Rhinitis is an
of the nasal mucosa (the mucous membrane that lines the nose and the ), often due to an allergic reaction to ,
or other airborne substances ( ). Although the pathophysiology of
many types of rhinitis is unknown, an accurate diagnosis
is necessary, since not all types of rhinitis will respond to the same treatment measures.
A heterogeneous disorder.
Classification of chronic rhinitis:
Allergic (seasonal and perennial) rhinitis
Seasonal Allergic Rhinitis (also known as
hay fever )
Perennial Rhinitis (year-round) with Allergic Triggers
Perennial Rhinitis with Non-Allergic Triggers
Idiopathic Non-Allergic Rhinitis
Characterised by an inflammation of the nasal mucous membranes
due to an allergic response. The most common of all atopic diseases in
the United States, affecting up to 10% of the adult population. While
no one dies directly as a result of allergic rhinitis, the economic impact
is substantial. Over $600 million is spent in the USA annually in the
management of this disease. This does not include the costs of the 2 million
lost workdays, 3 million lost school days and 28 million days of decreased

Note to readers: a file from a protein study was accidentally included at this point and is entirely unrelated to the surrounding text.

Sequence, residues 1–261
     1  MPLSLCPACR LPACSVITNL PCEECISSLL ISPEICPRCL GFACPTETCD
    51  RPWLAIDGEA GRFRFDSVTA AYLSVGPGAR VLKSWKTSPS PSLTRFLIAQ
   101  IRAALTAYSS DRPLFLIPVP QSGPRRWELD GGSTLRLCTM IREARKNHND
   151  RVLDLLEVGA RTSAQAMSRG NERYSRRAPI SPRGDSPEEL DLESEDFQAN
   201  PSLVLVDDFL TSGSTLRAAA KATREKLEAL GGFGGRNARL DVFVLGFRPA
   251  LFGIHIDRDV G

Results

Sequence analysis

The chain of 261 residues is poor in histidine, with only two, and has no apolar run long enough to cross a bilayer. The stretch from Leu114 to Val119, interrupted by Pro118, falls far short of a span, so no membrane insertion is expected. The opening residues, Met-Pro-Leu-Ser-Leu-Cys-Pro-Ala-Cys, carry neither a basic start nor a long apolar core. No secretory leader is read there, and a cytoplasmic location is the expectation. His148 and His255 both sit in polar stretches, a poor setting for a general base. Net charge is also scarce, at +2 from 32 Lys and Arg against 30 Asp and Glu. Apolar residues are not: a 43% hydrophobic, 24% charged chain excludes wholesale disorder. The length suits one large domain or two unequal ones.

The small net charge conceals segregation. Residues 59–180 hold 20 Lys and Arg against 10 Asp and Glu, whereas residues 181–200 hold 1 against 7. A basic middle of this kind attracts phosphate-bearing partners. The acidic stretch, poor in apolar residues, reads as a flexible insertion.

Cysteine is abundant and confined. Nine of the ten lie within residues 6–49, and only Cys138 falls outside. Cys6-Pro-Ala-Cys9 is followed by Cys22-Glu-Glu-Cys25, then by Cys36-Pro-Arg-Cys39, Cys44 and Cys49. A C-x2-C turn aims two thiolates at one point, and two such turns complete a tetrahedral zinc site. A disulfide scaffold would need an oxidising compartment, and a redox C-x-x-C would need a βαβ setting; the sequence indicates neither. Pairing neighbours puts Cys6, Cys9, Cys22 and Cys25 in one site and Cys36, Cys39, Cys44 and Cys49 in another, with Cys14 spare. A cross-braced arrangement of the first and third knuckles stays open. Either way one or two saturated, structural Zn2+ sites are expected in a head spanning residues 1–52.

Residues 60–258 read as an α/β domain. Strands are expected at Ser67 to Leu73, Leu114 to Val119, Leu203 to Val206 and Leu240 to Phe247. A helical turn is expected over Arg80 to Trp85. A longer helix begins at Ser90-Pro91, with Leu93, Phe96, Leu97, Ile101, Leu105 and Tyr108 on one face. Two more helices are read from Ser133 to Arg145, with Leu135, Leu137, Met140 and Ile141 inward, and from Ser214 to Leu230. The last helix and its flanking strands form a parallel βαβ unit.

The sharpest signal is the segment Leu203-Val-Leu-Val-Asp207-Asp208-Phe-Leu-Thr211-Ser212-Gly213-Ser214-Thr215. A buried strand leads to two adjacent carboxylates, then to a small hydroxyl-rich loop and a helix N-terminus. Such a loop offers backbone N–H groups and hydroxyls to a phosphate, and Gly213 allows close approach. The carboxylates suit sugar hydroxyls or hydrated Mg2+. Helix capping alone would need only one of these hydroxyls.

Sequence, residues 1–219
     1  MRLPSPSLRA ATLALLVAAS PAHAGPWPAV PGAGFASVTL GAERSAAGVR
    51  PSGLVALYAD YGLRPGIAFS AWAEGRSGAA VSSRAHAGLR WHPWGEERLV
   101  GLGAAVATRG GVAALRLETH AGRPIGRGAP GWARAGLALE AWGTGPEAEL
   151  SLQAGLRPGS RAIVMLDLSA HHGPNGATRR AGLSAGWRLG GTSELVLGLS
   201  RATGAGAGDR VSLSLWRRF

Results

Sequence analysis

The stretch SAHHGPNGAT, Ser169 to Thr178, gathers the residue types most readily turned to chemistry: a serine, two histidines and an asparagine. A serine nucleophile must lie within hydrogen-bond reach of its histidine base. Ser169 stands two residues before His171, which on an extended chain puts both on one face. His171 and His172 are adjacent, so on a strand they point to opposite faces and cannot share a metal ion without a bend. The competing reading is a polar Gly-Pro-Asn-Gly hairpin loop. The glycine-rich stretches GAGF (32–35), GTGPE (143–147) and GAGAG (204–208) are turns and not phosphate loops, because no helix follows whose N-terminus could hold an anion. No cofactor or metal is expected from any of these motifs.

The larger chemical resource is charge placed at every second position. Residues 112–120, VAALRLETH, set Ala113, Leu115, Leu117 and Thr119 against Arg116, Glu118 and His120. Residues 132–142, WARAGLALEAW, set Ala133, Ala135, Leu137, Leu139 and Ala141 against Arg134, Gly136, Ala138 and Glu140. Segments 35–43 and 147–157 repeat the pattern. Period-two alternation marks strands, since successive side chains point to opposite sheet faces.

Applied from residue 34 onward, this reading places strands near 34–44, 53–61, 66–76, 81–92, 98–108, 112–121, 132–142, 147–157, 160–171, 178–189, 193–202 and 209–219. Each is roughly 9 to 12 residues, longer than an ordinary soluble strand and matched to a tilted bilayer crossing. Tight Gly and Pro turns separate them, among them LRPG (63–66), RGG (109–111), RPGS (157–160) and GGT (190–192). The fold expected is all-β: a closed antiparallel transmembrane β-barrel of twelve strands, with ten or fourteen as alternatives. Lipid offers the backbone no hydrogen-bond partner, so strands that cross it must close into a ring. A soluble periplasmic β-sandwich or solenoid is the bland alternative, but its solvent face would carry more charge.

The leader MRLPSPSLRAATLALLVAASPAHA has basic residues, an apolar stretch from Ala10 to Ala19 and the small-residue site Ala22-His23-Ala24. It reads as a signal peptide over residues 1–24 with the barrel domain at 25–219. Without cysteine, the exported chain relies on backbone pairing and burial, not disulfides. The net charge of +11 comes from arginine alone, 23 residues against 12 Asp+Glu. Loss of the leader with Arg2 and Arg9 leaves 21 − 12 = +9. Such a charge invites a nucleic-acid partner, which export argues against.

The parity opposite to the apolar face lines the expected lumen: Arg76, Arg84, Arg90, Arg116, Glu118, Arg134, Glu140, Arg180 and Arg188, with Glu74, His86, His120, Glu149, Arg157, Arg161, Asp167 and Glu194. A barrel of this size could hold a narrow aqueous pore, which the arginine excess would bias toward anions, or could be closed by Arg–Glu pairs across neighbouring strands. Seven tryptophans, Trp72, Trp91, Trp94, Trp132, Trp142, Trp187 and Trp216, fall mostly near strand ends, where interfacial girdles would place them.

productivity from the symptoms of the disease and/or side effects of the
medications used to treat them.
Clinically, information is gained from a nasal examination which may reveal
pale, boggy turbinate as well as clear to greenish rhinorrhea. When colored
nasal secretions are stained and examined, they typically reveal large
numbers of as the main inflammatory
cell. In many instances (particularly in children) complications such
as chronic otitis media, rhinosinusitis and
can be traced to chronic obstruction from allergic rhinitis.
Concerning the treatment of allergic rhinitis,
nasal sprays are very effective agents, especially for of congestion, sneezing, and runny nose.
The main cause of seasonal allergic rhinitis are ,
For information on the main pollens and their pollination periods in all
the world's regions, go to the .